Here's my take on it.
Agnosticism is illogical and refutes itself. Agnosticism and agnostics characterize God as unknowable, ineffable, incomprehensible to all attempts to understand him. This doctrine is self-refuting. The agnostic is making a knowledge claim about what he/she claims is unknowable. How do agnostics know that God is unknowable if he is unknowable ? How do they even know that God's existence cannot be disproved if God is unknowable, or that God even exists if he is unknowable ? To claim any attribute for God is knowledge and claims to know this unknowable God possesses certain attributes. That's a logical contradiction, and any being containing two incompatible attributes cannot possibly exist. So one need not resort to agnosticism. He/she would be justified in not believing in that God if the concept of it contradicts itself in any way. One is justified in accepting and adopting the atheist position.
@ Terrence - I'm with the Dr. on this one - it seems implausible to me to even suggest that we could learn how to accomplish a readout. The idea of axiomatizing human thought processes and truths, to me, seems to presuppose that the human mind is simply an endless series of "1"s and "0"s. This is patently false, as the mind is something far greater than the sum of its parts, and without being able to contextualize why something would represent a 1 or an 0 in any specific given situation (for which the outcomes are near-limitless), we are constrained to Gilbert Ryle's retake on the Cartesian "privileged access" model, which is almost certainly an untenable argument. We can establish tendencies to maybe even a very precise degree, but we can never take into account and make testable predictions on the relativity involved in human emotion and feeling. The butterfly effect always reigns supreme.
First, is thought THE function, or A function, of the human brain.
We know too little about the brain to say it has but one function.
Second, to say function is to say evolution has a purpose.
Instead, say the brain is capable of thought.
Hi Matthew...Now this is something i can claim to be agnostic about...I don't have enough knowledge to determine whether we will ever be able to precisely align the physical activity of the brain with human thoughts/behaviour...but i refrain from claiming implausibility...a century ago it probably would have seemed implausible to sequence the human genome, or to measure quantum phenomena...now as to the question of the mind being greater than sum of it parts, I don't have enough info to judge that statement other than to say that at least on one level they are one and the same..remove the brain/kill the brain, and the mind disappears (or at least the measureable mind - i can't speak to the claim that some supernatural consciousness survives)
I mean, the gist of Penrose's argument in The Emperor's New Mind was that if human thought does not involve a quantum element, if it is classically deterministic, he could derive a contradiction, in a handwaving way, via Goedel's incompleteness theorem.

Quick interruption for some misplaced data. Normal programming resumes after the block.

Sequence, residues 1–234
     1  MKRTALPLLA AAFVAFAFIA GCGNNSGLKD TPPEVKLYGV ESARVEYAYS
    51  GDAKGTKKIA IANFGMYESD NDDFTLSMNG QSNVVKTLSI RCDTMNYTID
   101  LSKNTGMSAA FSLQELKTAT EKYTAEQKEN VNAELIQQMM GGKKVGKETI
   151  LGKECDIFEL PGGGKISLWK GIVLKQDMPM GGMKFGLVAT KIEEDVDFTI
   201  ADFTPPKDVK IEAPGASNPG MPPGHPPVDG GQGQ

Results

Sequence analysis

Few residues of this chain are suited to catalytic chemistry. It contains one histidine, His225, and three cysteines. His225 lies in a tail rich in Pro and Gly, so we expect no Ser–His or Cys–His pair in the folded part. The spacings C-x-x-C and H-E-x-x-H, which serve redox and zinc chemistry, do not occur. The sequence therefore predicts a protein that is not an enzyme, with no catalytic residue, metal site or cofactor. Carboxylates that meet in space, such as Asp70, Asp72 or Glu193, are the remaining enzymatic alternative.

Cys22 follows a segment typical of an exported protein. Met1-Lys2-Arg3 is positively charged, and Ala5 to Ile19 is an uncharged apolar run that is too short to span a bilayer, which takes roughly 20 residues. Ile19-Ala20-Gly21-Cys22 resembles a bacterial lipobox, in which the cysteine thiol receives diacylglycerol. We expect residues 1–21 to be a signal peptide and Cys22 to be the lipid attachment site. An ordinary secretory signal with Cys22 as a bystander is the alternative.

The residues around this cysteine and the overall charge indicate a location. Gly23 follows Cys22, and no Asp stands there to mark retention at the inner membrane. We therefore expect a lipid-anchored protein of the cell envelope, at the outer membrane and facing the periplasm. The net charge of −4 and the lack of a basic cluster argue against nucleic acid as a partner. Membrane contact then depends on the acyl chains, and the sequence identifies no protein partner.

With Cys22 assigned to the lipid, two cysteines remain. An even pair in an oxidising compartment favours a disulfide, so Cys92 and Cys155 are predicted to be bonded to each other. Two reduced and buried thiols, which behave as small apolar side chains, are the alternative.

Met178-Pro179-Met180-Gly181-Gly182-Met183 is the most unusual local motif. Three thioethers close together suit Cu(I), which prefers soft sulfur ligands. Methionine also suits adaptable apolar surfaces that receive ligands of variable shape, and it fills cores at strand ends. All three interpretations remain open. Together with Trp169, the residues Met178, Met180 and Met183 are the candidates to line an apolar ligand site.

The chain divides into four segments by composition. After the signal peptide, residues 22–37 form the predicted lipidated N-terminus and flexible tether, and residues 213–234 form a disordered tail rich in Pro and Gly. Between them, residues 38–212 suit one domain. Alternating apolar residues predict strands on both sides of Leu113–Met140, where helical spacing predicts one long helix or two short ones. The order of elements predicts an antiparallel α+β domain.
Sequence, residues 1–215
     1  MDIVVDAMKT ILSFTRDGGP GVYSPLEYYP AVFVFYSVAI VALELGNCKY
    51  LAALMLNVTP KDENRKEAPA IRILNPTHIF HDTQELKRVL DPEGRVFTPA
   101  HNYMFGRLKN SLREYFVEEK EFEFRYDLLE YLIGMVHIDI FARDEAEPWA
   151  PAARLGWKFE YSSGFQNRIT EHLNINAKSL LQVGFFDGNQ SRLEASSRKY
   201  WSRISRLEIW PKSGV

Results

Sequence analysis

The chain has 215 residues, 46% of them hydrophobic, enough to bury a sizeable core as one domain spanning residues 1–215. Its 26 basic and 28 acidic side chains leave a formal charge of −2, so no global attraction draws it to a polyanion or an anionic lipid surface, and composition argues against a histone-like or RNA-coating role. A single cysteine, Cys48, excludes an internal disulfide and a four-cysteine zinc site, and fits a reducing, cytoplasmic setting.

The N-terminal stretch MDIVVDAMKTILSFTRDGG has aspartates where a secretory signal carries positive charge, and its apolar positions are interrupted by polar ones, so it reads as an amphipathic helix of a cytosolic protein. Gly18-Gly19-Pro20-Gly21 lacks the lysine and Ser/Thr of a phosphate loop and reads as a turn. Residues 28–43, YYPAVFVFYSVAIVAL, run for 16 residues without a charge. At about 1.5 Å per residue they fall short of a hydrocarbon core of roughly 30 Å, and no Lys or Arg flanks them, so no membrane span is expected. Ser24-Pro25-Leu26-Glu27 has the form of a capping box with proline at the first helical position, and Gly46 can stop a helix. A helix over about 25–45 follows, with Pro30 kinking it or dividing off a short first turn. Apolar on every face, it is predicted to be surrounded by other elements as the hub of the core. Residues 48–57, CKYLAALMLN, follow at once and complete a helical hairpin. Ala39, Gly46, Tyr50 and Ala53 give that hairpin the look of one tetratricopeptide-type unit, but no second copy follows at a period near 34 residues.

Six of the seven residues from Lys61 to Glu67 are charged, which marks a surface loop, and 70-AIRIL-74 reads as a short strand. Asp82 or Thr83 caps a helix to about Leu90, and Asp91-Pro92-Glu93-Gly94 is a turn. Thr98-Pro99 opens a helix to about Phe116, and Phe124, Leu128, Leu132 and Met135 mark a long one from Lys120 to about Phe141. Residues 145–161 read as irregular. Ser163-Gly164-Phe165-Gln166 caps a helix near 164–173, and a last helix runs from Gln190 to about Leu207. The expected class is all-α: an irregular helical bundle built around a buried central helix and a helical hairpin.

Give me the exact reference. Throughout his book Penrose mentions Gödel's incompleteness theorem many times. His discussions are informal and speculative and this is an area where precision is necessary.
The part where he's most explicit about his argument (as I remember) is where he has the human inventor of a robot arguing with the robot, and in time the robot breaks down because of the argument :) Starts fizzing or something :)
Can you be more explicit—give a page reference or at least a chapter. The book is long and sprawls over a lot of territory and Penrose tosses out an enormous number of ideas.
Apparently this dialog is actually in Penrose's Shadows of the Mind, pgs 179-190. A book I don't have either.
I have read several of his books, but not that one and I don't own a copy.
The dialog between the robot and its creator is in section 3.23 of Shadows of the Mind. It's a challenging and thought-provoking summary of Penrose's arguments from Goedel's theorem.
Shadows of the Mind was a followup of The Emperor's New Mind where Penrose tried to make his arguments more rigorous and technical. There's even a pdf online with Penrose's answer to the criticisms of his argument in Shadows of the Mind.
The programs, experience, memory, etc. can be incorporated into the basic Turing-machine model. Those things in themselves don't make us fundamentally different from a Turing machine.
but the question still remains, if a person is a Turing machine, what gets in the way of them proving their own Goedel sentence? A Turing machine has an equivalent to its Goedel sentence, as I vaguely remember (?)
Here's a paper online that summarizes the Lucas-Penrose argument that people aren't Turing machines.
One can turn it into an argument that some things are unknowable: if we are Turing machines there are truths we will never know.